GSM lobby softens stand, not to take legal recourse

Last Updated: Mon, Mar 11, 2013 06:24 hrs

A few days after it accused the government of showing "gross favouritism" to Reliance Jio Infocomm Ltd (RJIL) by allowing internet service providers (ISP) with broadband wireless access (BWA) spectrum to offer voice services by paying a "small fee", the GSM operators' body has softened its stand.

The Cellular Operators Association of India (COAI) said it would not take any legal step on the issue, unlike what it had said earlier. "Our main aim was to bring the matter to the notice of the government. We will not pursue the matter further or go for legal recourse. It's now up to the government to take action," Rajan Mathews, COAI director general, told Business Standard.

RJIL, formerly Infotel Broadband, holds pan-Indian BWA spectrum it acquired in 2010. The Mukesh Ambani-led Reliance Industries later acquired Infotel Broadband and renamed it.

Last month, the Telecom Commission had approved a recommendation allowing companies having ISP licences along with BWA spectrum to offer phone calls services by paying a fee of Rs 1,658 crore each.

Last week, COAI wrote to the department of telecommunications (DoT), alleging the DoT was trying to give "undue benefits" to RJIL by its decision.

RJIL had denied the allegation and dared GSM players to compete in the open market.

Playing down its earlier aggressive stand, Mathews said many GSM operators also had BWA spectrum and, therefore, they were not afraid of competing with RJIL. "Currently, there is no vibrant ecosystem in the 2,300 MHz band for devices that offer voice services. That may take years. So, we are not afraid of competition from them as a result of allowing voice services (via internet). Many of our members also have BWA spectrum."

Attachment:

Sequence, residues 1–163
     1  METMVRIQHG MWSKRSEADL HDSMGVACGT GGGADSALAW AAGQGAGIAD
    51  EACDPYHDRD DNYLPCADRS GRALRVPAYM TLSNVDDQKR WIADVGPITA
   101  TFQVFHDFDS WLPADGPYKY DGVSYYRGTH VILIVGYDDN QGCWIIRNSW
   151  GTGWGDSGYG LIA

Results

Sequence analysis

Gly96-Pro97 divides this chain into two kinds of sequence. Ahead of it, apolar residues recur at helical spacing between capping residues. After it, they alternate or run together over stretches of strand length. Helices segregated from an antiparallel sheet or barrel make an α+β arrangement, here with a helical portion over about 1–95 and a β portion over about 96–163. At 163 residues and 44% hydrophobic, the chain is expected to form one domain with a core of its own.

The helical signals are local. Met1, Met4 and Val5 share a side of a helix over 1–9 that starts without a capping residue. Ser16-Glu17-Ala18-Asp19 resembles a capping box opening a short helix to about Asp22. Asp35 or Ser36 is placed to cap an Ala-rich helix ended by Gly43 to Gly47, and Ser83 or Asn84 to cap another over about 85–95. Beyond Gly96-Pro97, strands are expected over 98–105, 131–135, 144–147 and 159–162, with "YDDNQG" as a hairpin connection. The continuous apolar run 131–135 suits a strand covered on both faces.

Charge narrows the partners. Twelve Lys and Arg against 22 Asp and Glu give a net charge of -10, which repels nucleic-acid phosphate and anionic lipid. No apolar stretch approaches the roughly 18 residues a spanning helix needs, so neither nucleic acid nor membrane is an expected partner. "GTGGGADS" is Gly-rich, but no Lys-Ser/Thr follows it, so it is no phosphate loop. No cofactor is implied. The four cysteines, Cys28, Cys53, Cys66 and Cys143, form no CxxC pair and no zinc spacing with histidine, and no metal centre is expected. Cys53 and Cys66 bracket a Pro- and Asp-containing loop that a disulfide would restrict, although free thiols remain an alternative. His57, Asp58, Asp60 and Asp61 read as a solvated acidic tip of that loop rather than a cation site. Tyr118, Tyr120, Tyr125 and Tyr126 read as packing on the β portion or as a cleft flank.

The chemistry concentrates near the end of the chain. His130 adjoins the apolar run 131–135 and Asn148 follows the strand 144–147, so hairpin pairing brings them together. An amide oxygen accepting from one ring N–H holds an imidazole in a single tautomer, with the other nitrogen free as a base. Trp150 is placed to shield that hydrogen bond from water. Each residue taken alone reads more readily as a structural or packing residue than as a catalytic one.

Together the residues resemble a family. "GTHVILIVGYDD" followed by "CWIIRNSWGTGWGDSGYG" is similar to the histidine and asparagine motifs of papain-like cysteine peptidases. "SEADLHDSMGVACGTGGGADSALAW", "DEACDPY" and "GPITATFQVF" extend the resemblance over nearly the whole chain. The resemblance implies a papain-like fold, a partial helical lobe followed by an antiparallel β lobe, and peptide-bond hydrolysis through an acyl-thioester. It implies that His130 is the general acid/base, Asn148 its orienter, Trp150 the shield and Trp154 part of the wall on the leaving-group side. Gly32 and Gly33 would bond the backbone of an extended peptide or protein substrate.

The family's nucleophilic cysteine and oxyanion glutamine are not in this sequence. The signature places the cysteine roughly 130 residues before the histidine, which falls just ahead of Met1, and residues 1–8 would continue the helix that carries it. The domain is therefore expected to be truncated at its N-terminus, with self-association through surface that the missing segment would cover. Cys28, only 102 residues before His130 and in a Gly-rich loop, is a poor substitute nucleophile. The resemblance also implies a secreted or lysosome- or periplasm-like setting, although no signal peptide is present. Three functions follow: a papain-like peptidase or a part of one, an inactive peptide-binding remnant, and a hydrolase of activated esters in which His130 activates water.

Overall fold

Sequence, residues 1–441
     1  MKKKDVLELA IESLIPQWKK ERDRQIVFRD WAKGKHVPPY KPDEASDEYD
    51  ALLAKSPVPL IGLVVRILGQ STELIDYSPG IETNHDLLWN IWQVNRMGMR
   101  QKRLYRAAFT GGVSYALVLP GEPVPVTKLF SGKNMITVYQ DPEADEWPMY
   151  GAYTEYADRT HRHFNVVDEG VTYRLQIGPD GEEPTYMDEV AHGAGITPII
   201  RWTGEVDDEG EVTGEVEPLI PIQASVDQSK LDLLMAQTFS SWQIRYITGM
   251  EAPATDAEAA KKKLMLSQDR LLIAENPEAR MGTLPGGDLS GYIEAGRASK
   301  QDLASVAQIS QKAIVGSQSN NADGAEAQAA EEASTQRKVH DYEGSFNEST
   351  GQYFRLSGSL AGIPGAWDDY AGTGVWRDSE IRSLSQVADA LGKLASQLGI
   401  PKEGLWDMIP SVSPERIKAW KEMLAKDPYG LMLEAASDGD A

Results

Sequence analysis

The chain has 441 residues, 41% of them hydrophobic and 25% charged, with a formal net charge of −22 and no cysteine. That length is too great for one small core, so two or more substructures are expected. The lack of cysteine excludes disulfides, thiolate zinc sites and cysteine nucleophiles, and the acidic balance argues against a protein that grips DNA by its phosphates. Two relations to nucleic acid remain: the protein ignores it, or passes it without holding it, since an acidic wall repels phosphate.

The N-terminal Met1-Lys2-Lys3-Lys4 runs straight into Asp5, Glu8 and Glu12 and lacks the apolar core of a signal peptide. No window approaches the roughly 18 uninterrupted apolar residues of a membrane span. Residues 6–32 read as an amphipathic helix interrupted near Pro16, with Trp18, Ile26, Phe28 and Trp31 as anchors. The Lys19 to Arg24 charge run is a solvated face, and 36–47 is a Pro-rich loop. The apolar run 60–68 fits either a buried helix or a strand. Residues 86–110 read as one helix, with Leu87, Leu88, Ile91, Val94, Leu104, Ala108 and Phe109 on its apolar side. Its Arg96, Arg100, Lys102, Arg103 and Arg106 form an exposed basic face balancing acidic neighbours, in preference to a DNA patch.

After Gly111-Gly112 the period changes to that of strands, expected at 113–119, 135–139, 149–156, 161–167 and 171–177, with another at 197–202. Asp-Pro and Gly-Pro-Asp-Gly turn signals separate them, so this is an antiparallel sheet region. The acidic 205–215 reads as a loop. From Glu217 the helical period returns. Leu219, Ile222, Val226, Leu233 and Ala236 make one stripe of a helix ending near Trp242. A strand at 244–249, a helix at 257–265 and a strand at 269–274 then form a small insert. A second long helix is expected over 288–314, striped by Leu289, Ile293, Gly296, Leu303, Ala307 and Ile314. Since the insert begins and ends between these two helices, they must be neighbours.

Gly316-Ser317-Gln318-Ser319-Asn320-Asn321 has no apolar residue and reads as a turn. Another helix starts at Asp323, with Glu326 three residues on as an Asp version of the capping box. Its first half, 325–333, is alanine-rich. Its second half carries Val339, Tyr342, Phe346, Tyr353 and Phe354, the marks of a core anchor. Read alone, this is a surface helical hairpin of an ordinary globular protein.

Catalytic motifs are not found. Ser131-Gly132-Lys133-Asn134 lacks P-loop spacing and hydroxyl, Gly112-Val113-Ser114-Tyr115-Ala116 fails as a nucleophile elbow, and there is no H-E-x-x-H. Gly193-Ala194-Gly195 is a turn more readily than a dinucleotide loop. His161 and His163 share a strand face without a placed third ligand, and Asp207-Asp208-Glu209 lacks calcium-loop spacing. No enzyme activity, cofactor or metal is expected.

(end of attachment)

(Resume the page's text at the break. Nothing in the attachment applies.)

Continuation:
Some COAI members said a consensus was not built on the issue and many of them were not consulted on the letter.

Said the chief executive officer of a member of COAI: "We were not consulted, especially as many of our members also have BWA spectrum. We have made a point that we should have been consulted." The executive did not want to be named.

Mathews, however, defended the decision to write the letter quickly. "This was the second letter. Earlier, we had written to DoT on voice over (4G) LTE. That letter was written in consultation with all members of the association. There is no need to consult with every member every time we write a letter. Sometimes, we have to act very fast, as we need to communicate before EGoM (empowered group of ministers) meetings."

Meanwhile, DoT defended its decision to allow voice on BWA spectrum. Communications minister Kapil Sibal said the decision was based on recommendations of the regulator and endorsed by the Telecom Commission. Everyone can migrate to a unfied licence and offer voce services. Telecom secretary R Chandrashekhar said the BWA auction in 2010 did not have any restriction on offering voice services, as long as operators took a UASL (unified access services licence) or telecom licence for Rs 1,658 crore but won't get 2G spectrum bundled with this. "No new changes were made in the terms," he said.

COAI's letter had also alleged that the government was treating the operators that had signed inter-circle 3G roaming pacts differently from BWA operators with ISP licences, such as RJIL.

DoT had disallowed Bharti Airtel Ltd, Idea Cellular Ltd and Vodafone India Ltd- which had signed inter-circle roaming pacts to operate in the circles where they did not own spectrum- from offering 3G services. This has been challenged in court.

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